YOUNGSTOWN, Ohio (WKBN) — Buried in the mounds of data in the annual FBI Crimes In The United States report is the fact that small towns and small police departments are doing a good job in fighting crime.
That was one of the main impressions that Richard Rogers, an associate professor of criminal justice at Youngstown State University, said about the report.
The report, which was released September 30, is considered a milestone in the crime analytics field, compiled by statistics submitted from police departments across the country.
The report, however, is not inclusive. Several local police departments, such as Boardman, did not send statistics.
Still, the report is a good benchmark in measuring crime trends locally and across the United States.
According to the report, there were 1,206,836 violent crimes reported in 2018 across the country, a decrease of 3.3% from 2017.
The largest number of crimes is property crimes. Nationally, there were 7,196,045 property crimes in 2018, a 6.3% decrease from 2017. According to the report, there is a property crime every 4.4 seconds in the United States.
As for violent crimes, Rogers said he was not sure if the homicide decrease is the start of a trend or a one-year anomaly. He said it will take another year of data to figure that out.
Rogers also said that narrative for the area and the Rust Belt is often steered toward bigger cities and the problems their police departments have, which drowns out the fact that small cities are doing well when it comes to fighting crime.
Two local police chiefs, Carl Frost of Beaver Township and Brent Milhoan of Lordstown, both said their key philosophy is having their officers stay visible.
Beaver Township has a population of 6,437. In 2018, officers reported two violent crimes and 58 property crimes. Lordstown has a population of 3,252. Investigators reported one violent crime in 2018 and 40 property crimes.
Frost said he wants his officers visible in neighborhoods to build trust with the community. He said in a place like Beaver Township, his officers either know everyone on a first-name basis or know of someone.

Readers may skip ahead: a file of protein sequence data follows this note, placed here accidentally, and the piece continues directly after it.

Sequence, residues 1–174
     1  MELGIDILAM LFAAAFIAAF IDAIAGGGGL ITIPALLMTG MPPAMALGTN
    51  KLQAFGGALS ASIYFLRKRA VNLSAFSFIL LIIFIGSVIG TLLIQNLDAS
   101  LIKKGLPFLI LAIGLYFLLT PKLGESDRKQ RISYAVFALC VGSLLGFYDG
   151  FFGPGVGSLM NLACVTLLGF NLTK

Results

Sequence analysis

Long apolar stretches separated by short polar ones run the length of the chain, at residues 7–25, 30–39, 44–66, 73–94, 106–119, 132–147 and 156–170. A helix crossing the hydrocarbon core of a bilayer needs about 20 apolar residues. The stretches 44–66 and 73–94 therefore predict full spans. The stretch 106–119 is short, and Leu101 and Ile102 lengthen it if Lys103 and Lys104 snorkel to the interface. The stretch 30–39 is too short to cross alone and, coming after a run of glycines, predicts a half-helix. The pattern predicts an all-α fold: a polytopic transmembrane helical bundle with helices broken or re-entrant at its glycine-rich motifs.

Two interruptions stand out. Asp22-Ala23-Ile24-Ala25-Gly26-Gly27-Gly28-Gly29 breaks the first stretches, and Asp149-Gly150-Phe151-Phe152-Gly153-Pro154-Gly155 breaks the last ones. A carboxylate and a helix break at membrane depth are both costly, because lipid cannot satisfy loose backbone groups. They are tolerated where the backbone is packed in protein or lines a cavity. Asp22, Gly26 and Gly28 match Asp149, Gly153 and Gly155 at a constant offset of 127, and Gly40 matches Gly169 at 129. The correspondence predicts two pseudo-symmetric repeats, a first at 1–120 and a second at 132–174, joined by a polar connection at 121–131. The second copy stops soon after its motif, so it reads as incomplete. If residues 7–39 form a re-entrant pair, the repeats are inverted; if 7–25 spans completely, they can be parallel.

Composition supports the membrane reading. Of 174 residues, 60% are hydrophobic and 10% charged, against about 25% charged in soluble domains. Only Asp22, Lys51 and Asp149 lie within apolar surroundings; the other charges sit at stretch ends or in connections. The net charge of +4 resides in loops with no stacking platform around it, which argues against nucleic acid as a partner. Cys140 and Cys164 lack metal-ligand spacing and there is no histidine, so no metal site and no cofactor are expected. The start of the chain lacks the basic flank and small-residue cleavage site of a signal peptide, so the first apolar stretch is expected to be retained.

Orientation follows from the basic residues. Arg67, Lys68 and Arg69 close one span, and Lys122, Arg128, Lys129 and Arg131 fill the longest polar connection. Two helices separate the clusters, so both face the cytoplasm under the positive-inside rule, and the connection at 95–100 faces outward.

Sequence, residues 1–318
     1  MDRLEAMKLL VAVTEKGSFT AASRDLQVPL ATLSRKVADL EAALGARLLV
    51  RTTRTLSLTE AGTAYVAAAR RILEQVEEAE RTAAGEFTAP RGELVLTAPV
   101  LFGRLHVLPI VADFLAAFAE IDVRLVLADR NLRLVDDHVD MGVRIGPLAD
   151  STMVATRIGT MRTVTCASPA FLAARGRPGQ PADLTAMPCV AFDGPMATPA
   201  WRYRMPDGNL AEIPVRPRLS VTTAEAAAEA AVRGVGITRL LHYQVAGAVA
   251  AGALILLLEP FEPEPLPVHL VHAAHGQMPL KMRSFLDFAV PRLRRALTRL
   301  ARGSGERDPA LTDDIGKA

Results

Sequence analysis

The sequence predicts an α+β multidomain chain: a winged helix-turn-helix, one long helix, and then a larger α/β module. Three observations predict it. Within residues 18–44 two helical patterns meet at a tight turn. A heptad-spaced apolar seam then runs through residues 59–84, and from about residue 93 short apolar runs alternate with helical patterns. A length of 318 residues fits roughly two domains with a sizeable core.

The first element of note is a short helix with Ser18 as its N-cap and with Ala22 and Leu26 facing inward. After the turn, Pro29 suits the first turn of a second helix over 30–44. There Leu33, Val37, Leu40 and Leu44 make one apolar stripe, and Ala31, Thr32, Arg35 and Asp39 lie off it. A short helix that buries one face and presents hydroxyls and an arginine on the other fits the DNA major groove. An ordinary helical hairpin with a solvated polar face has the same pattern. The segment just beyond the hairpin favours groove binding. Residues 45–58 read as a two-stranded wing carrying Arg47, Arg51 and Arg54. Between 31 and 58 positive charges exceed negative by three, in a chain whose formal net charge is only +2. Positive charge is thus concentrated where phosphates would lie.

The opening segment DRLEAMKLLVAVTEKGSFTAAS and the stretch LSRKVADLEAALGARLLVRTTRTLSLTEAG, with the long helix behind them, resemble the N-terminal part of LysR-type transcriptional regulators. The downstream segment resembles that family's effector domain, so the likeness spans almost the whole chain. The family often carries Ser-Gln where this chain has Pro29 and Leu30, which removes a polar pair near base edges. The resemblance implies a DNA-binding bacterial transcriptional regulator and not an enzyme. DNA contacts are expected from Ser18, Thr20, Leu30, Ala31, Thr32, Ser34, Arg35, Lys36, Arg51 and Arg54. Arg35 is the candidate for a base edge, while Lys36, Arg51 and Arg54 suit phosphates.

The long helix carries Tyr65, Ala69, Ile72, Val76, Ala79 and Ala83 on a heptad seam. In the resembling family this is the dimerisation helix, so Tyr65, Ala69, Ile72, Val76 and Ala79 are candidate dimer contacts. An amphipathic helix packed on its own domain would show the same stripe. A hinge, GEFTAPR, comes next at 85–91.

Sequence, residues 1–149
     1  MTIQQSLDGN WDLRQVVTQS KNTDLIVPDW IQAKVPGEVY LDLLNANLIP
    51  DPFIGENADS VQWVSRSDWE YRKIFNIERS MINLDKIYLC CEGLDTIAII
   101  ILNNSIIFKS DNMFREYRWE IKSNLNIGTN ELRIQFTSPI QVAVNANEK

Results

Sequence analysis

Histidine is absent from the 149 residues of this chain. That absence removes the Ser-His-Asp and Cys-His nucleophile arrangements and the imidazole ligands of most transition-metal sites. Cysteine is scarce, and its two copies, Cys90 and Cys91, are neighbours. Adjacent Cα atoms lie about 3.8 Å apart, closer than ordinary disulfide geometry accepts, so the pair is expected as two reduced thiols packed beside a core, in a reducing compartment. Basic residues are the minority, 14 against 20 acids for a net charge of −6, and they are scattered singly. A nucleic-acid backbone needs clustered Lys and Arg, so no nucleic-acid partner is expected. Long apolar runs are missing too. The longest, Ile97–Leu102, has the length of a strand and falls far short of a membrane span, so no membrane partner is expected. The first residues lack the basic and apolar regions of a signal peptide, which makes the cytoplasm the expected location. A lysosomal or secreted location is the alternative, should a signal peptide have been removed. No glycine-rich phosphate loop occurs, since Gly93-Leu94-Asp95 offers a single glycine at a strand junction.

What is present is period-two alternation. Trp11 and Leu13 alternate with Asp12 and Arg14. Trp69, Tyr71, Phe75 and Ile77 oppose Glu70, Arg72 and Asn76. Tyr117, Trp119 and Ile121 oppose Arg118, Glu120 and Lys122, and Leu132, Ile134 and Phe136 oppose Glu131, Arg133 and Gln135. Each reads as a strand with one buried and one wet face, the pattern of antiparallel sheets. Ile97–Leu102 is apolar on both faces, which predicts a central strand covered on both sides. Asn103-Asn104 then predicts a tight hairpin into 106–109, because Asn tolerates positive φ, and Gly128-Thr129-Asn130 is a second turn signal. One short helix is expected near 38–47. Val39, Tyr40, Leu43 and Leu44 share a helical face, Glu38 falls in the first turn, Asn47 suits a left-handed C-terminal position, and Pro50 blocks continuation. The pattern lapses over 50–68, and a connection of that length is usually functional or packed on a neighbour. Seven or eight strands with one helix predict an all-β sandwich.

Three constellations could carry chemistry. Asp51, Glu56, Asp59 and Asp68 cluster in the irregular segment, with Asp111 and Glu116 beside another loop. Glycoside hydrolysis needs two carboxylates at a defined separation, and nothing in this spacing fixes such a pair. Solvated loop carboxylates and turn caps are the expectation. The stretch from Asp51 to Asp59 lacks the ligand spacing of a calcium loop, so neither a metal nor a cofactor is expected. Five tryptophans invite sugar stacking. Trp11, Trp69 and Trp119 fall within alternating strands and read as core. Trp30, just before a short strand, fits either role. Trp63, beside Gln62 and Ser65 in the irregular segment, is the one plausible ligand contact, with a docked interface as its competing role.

“We want to be in the neighborhoods so that people can see that we’re out there,” Frost said. “Most of our guys know who lives in each house.”
Milhoan said he likes to combine visibility with “aggressive” traffic enforcement, but he stressed that officers do not always write a citation when they pull someone over. The enforcement can find people with warrants, suspended licenses or illegal property, such as drugs, Milhoan said.
It also gives the village a reputation so that people know police will be around if they are thinking of causing trouble, Milhoan said.
For a small department and population, his department has a large area to cover — about 25 square miles, which can sometimes be challenging if the goal is to stay visible, Milhoan said.
Keeping visible also increases trust, Milhoan said.
“I think with a small department that helps,” Milhoan said.
Salem police Chief J.T. Panezott said the priority for his department is battling drugs and the crime that accompanies them. Salem has a population of 11,710. The 2018 report recorded 22 violent crimes and 414 property crimes.
Panezott said he tries to take an aggressive approach when dealing with drug crimes. He said he has an officer on the Columbiana County Drug Task Force and another officer assigned to the federal Drug Enforcement Administration task force in Youngstown, to help in long-term drug investigations, which can put a dent in the drug pipeline.
In Ohio last year, 83,020 arrests were made for drug offenses. Of those arrested, 77,148 arrests were for possessing drugs and 5,872 were arrested for selling drugs.
Panezott said calls for service for his department dropped in 2018. He said one of the reasons they did was because of several drug offenders who were arrested.
“You get them off the streets and your property crimes go down,” Panezott said.
Rogers said some of the reasons crime is low in smaller cities and areas are obvious — such as lower population. Locally, he said the crime rates for those areas are below the national average. He said more study is needed to find out why.
“This, to me, is really fascinating,” Rogers said.
Editor’s note: Crime statistics weren’t available for Western Pennsylvania.